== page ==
Are you letting machines take over your life? Find out what to do about it.
Many of you will have seen (or perhaps heard) the famous Einstein quote on technology.
As the genius’s prediction has proven to be fairly accurate thus far, it may appear all doom and gloom for the future of Manchester socialising. But is there hope? Hmmm…maybe!
The irony is that you probably saw that very quote on your Facebook timeline while scrolling on your mobile phone, ignoring your friends in the same room who were sat right next to you doing the exact same thing.
Einstein’s “Idiots” comment may seem harsh, but then who am I to tell Einstein who is or isn’t a idiot?
Improve Your Social Skills author David Wendler weighed in:
“I think social media has made us more connected, but made the connection more superficial. Facebook allows you to stay updated on the lives of your childhood friends or your neighbours from years past, but there’s a difference between being updated and being intimate. Instead of spending time making real-world connections, people spend their time on social media, and that leads to them feeling less connected overall”.
Of course, it isn’t just our social lives that have been dominated by technology. Many aspects of our daily routine have fallen foul to the machine.
Even exercise has been made convenient, thanks to the Wii. Now we can even play tennis without leaving home (15-love to technology).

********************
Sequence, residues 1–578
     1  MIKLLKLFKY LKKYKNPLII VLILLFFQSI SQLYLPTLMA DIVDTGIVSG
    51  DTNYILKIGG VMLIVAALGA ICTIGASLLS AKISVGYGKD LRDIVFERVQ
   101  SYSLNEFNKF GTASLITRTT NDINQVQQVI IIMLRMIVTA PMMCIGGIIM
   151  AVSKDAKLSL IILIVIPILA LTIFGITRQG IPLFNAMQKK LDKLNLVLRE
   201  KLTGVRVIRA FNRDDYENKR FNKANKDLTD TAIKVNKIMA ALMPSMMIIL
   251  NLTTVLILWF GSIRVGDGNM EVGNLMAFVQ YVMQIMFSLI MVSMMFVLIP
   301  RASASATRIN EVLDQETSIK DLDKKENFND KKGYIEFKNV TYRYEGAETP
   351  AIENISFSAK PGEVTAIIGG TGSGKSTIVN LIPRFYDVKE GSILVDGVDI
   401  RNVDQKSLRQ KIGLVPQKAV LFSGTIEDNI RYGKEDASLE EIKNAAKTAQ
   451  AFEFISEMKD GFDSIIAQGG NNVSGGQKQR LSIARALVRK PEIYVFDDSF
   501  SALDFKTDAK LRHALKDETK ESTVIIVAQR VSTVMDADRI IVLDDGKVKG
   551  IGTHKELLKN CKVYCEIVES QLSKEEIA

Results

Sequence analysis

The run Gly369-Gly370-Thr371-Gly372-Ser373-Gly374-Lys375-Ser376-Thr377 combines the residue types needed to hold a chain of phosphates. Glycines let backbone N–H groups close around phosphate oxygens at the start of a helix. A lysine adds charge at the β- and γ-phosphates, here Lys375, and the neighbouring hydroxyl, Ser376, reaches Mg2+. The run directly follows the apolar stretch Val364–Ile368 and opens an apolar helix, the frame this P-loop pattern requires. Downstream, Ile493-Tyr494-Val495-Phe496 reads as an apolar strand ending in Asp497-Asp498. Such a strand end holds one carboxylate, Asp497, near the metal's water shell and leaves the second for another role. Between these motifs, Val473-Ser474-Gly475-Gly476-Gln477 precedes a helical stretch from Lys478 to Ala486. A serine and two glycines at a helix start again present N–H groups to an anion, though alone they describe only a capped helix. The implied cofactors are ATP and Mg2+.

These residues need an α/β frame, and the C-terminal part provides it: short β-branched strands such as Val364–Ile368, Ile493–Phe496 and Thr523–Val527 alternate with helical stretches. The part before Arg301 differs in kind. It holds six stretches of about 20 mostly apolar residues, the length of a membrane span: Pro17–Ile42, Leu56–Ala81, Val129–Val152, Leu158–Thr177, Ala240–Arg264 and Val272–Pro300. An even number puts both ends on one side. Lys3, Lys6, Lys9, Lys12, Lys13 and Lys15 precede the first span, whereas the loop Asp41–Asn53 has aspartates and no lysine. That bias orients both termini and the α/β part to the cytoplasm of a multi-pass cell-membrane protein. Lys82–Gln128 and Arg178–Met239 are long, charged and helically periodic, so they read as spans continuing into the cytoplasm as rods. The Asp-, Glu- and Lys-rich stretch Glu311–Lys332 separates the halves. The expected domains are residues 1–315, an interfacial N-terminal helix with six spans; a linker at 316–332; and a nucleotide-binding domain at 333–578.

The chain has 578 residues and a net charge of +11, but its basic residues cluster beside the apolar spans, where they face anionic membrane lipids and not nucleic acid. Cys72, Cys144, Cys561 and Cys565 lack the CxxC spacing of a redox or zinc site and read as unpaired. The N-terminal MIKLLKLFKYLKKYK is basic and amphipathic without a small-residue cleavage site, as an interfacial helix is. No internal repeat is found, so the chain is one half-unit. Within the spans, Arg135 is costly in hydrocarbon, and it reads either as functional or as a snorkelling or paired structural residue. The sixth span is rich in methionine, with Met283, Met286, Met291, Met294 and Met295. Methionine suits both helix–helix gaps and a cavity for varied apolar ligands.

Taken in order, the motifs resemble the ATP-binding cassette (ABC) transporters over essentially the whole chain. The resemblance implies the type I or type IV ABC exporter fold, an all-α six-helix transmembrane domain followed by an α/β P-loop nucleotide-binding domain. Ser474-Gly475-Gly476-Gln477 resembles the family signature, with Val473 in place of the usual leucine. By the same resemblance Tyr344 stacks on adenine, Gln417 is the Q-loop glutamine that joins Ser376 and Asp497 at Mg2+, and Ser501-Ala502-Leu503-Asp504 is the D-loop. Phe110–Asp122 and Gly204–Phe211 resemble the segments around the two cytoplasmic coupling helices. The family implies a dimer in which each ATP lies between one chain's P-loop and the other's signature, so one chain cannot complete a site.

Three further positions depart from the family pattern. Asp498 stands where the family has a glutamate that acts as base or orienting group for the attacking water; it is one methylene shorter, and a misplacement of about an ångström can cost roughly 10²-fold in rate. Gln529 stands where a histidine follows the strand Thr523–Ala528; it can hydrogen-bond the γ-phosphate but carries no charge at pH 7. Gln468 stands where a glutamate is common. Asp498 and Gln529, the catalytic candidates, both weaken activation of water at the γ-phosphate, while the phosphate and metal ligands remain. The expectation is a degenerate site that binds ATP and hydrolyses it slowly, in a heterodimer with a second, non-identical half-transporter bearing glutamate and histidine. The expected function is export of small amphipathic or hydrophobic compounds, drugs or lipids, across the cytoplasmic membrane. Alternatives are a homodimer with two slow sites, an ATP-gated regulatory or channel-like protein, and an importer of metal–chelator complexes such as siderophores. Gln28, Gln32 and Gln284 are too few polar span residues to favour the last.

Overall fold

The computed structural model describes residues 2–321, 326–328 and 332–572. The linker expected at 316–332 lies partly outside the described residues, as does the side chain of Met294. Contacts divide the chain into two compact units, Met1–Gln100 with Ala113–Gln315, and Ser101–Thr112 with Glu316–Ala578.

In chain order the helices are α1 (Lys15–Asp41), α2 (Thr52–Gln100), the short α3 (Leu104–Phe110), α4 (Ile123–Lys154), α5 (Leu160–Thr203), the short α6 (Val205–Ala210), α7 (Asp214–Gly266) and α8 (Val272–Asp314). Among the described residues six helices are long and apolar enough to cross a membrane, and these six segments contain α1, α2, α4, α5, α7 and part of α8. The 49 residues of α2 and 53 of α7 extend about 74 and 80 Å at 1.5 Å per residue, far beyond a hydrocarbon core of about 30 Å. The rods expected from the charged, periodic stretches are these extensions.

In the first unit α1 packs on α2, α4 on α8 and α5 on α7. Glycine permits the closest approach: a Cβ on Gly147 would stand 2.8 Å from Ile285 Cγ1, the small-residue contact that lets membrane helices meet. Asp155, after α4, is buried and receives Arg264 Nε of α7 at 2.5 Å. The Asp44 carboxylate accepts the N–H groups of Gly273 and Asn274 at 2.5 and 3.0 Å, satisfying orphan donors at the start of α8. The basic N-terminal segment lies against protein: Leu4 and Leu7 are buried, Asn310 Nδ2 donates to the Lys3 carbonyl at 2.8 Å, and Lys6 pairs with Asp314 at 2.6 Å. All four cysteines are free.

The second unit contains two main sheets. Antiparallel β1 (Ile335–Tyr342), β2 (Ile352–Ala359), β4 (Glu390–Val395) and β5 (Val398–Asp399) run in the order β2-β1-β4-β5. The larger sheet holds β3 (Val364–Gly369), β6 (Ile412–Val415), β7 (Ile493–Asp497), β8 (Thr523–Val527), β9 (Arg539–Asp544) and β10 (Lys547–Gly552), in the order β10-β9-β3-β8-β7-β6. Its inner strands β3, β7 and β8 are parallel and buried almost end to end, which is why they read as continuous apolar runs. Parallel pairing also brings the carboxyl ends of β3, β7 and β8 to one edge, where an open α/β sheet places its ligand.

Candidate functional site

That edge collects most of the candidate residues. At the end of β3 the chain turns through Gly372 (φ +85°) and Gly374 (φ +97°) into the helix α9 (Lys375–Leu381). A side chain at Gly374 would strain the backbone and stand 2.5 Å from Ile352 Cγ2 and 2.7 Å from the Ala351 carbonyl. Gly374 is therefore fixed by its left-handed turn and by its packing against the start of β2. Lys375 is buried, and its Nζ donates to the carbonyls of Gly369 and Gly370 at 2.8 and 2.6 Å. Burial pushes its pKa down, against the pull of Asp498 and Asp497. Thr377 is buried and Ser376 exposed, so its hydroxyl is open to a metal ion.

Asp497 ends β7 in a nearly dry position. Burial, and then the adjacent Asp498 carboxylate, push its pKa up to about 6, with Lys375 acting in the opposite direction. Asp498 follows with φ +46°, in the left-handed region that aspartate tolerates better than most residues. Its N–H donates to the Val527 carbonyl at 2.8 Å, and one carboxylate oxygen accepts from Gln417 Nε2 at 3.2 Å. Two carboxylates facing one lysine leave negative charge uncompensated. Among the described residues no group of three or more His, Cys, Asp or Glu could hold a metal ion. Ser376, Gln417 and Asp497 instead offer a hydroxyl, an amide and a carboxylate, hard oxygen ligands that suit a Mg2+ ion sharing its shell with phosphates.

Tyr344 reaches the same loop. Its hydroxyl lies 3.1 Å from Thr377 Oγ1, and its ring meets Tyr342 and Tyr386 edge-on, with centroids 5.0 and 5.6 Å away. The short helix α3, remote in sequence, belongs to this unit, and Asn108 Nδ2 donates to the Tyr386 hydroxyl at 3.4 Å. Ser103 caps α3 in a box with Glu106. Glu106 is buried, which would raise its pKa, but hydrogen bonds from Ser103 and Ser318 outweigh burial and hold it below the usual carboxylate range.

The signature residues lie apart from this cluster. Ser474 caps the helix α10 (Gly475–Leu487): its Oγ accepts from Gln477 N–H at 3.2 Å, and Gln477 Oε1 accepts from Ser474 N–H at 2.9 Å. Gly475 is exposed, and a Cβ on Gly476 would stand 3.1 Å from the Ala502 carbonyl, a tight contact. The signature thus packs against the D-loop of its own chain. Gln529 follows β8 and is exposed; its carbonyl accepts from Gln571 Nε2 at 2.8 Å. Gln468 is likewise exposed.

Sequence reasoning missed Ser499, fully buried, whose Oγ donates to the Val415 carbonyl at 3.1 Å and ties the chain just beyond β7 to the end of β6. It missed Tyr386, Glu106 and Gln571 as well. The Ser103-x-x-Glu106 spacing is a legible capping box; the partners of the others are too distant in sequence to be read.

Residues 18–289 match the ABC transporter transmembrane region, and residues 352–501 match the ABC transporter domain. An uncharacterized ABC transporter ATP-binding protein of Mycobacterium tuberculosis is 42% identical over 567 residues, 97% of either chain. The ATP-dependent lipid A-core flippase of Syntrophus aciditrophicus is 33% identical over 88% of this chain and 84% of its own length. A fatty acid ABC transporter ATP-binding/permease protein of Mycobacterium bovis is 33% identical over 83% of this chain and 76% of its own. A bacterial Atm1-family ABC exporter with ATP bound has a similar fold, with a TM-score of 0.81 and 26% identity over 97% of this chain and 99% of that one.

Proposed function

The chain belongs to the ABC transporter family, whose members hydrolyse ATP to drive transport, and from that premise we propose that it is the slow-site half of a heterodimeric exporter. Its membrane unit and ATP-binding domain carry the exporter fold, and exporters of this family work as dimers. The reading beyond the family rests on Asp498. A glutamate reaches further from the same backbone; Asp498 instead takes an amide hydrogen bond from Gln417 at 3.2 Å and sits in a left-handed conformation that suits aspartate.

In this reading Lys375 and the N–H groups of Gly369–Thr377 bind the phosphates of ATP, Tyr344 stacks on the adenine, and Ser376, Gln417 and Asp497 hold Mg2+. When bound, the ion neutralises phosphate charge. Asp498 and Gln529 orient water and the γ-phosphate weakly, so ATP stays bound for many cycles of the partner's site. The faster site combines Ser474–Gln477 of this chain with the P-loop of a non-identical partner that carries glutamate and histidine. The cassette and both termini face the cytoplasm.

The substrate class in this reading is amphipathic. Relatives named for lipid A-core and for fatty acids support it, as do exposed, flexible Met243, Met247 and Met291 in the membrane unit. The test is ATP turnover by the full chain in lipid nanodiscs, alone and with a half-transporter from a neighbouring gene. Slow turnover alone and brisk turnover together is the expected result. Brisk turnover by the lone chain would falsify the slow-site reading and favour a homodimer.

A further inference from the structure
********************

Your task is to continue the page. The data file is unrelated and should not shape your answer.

Think back to those occasions when we played board games with family and friends, and dare I say it, even visited the outside world once in a while.
Now video games rule, as we often spend time interacting with people whom we never see (except, of course, if we add them as a “friend” on Facebook, in which case, we at least get to see their face).
Does our social life in Manchester now consist of taking a selfie on the way home and posting it online so our other Manchester friends can comment on it?
Did you just embarrass yourself online?
It could be argued that social media makes life easier. And in some ways, that’s true: you don’t need to bother putting on your new dress for a night of socialising in Manchester. Instead, you can simply opt for pyjamas and ice-cream.
However, it isn’t as relaxing as all that. Studies have shown that we get anxious as to how we present ourselves through social media.
- “Will they think I’m weird if I post this?”.
- “Oh no, I’d better delete that comment on Sarah’s photo, she may take it the wrong way”.
- “I want to show off my bikini body to my friends but what will my boss think?”.
And then, of course, there is the dreaded ‘seen’ tick, which indicates when your message has been read. It’s only dreaded, of course, when that person hasn’t replied immediately. And I do mean immediately. If they haven’t replied within seconds, is it that we have typed something utterly ridiculous? “Oh no, what if they don’t reply?”.
And what about those who we have sent a friend request to? Anxiety over who is and who isn’t following you back can lead to awkwardness the next time we meet them in real life.
In some cases, the visibility of our thoughts and feelings on social media can cause yet more social tension. We sometimes find ourselves shocked at our friend’s political, or even sporting, alliances, and are at that point, somewhat less inclined to want to socialise with them. Whereas, in an actual conversation, perhaps we would take the time to listen and better understand their view.